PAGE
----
This Saturday, the Indianapolis Cultural Trail is throwing a Grand Opening party like none other. Titled Get Down On It, the party features events for all ages to celebrate the completion of the trail. There have been many delays, frustrations, and even a time where people were wondering if there was enough funding for the trail to be completed. It took years of dedication, but it is finally complete*.
Here at Urban Indy, we thought it would be a good idea to offer some of our thoughts about the trail and place them in this post.
The Cultural Trail is a piece of infrastructure unparalleled in any major city anywhere. Indianapolis continues to show it can compete with big city projects elsewhere with this new world class bicycle and pedestrian trail. As a supporter of bicycle and pedestrian rights, it pains me when I see some of our biggest downtown names such as the Conrad turning their back on this project instead of embracing it for what it is and hopefully, as the community continues to grow support for the trail, popular sentiment will overturn what is a bad decision to allow cars to be valet parked along the hotel’s frontage. That said, the sum of the trail is a magnificent and unique achievement that everyone in Indianapolis should be proud of! I will continue to take advantage of this amenity and encourage others to as well.
At first, it was very possible that the Cultural Trail would be another pie-in-the sky idea, destined to be relegated to the dustbin of history like so many other plans. But the team behind the idea was committed to the mission of building a world class piece of pedestrian and bicycling infrastructure in downtown Indianapolis. The city now has its urban showpiece, which shows up as a template for other cities that want to see their own version of the trail. This weekend’s event, just like the trail itself, is about celebrating Indy’s citizens and its visitors. It’s a moment to be proud in all that has been accomplished, as well as looking forward to what is yet to come.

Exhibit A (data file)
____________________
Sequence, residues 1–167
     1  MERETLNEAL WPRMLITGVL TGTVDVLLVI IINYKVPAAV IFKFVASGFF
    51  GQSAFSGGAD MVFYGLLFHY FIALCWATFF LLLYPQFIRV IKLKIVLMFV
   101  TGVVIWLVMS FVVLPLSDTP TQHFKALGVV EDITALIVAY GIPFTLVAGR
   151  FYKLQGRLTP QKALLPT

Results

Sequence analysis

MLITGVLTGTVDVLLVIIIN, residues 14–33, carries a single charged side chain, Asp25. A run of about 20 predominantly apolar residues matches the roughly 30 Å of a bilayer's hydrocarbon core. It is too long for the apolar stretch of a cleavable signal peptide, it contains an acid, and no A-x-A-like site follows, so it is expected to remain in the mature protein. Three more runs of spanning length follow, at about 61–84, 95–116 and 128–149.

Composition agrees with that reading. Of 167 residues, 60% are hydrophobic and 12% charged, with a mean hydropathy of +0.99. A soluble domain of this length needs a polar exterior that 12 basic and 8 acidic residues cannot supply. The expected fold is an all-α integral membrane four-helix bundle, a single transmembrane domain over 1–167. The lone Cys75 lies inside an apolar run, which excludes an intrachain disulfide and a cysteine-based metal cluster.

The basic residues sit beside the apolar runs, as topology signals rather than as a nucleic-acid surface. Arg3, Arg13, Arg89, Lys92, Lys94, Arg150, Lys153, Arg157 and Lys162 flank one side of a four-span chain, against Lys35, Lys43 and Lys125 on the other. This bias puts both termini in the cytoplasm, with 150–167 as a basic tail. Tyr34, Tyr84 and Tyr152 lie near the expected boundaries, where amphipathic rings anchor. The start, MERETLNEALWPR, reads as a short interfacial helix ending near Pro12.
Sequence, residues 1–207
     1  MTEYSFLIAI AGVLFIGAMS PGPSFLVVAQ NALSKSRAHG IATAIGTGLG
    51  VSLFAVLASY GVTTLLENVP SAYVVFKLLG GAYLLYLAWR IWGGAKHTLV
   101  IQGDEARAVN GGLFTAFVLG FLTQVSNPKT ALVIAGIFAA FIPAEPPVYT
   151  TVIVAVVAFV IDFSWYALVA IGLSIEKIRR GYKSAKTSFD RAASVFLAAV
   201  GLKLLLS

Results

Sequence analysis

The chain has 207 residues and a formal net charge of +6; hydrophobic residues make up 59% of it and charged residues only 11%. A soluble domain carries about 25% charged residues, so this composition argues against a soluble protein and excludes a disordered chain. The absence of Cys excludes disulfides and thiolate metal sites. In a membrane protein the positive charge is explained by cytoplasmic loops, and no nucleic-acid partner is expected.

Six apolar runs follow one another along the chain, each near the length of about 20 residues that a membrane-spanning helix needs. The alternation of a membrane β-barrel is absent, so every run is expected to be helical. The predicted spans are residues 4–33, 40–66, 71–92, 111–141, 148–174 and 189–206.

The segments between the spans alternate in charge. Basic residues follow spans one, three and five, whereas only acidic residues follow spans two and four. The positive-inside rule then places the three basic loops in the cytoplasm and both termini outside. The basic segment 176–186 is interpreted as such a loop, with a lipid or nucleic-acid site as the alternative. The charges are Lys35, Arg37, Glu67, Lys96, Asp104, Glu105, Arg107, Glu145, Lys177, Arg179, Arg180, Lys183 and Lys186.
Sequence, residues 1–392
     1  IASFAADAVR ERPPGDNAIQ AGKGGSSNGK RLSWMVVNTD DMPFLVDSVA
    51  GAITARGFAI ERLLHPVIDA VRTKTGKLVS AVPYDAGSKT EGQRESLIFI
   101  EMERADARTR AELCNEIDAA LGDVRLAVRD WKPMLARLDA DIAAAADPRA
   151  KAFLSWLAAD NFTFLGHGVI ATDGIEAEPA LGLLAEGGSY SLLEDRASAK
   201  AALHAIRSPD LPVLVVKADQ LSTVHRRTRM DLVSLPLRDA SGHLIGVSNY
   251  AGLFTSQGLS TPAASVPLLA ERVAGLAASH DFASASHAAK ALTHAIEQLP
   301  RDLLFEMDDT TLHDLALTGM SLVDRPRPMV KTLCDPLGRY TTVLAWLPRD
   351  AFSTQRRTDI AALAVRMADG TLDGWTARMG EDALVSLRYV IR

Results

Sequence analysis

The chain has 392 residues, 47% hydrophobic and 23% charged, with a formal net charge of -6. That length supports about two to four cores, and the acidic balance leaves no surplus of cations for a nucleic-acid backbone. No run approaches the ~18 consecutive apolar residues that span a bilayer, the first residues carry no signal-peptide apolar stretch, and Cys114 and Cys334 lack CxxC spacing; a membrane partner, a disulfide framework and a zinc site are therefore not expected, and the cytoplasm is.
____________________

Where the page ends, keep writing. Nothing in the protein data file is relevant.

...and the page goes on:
This trail is a big deal for us at Urban Indy. We have been ecstatic to see the city embrace this. It is hard to understate how rapidly and deeply this is changing the city.
But the Cultural Trail is more than a piece of infrastructure. It is also an invitation for people to participate in this experiment of participatory urban design. It is a common anthem we hear in Indianapolis that common people can do amazing things by getting involved, and nothing proves it better than the Cultural Trail (also see here and here). When we have a coffeeshop meeting with urbanists these days the discussion is no longer about what we’ve lost, but what is coming next. Eugene and Marilyn Glick are now just as famous as their sponsored piece of world-class infrastructure, and we are all excited to see how will others make their own mark on the city.
The celebration weekend will feature many great photos showing how awesome these new spaces are. And the Cultural Trail is truly awesome. But a quick look at what used to be here shows how much courage and vision it took to visualize the change that needed to happen. How many people really saw the potential to turn this ugly, unloved, and forgotten streetscape into a world-famous concept? Every city has these spaces, every city has potential. Many, many opportunities remain.